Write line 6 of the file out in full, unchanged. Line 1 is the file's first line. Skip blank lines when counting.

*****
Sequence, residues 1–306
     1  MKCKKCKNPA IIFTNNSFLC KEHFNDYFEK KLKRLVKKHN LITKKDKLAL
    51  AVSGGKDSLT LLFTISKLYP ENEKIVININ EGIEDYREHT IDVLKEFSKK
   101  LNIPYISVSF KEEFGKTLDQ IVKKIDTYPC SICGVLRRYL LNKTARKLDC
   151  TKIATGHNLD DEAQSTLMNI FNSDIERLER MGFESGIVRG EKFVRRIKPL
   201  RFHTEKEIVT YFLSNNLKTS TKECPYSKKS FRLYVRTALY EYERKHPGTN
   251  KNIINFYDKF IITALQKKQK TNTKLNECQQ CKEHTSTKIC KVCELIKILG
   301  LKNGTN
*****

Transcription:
   201  RFHTEKEIVT YFLSNNLKTS TKECPYSKKS FRLYVRTALY EYERKHPGTN